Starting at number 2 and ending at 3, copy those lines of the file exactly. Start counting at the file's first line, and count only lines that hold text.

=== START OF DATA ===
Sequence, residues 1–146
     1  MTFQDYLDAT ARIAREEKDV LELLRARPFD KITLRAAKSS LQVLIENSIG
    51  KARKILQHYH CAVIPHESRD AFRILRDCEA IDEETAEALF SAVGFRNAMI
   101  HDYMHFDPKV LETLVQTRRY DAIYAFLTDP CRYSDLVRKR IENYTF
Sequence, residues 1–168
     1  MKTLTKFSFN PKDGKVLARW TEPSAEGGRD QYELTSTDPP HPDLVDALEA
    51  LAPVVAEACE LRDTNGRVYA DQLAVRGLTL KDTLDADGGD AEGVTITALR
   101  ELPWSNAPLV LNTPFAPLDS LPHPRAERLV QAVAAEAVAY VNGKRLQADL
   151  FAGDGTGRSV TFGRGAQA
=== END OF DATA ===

     1  MTFQDYLDAT ARIAREEKDV LELLRARPFD KITLRAAKSS LQVLIENSIG
    51  KARKILQHYH CAVIPHESRD AFRILRDCEA IDEETAEALF SAVGFRNAMI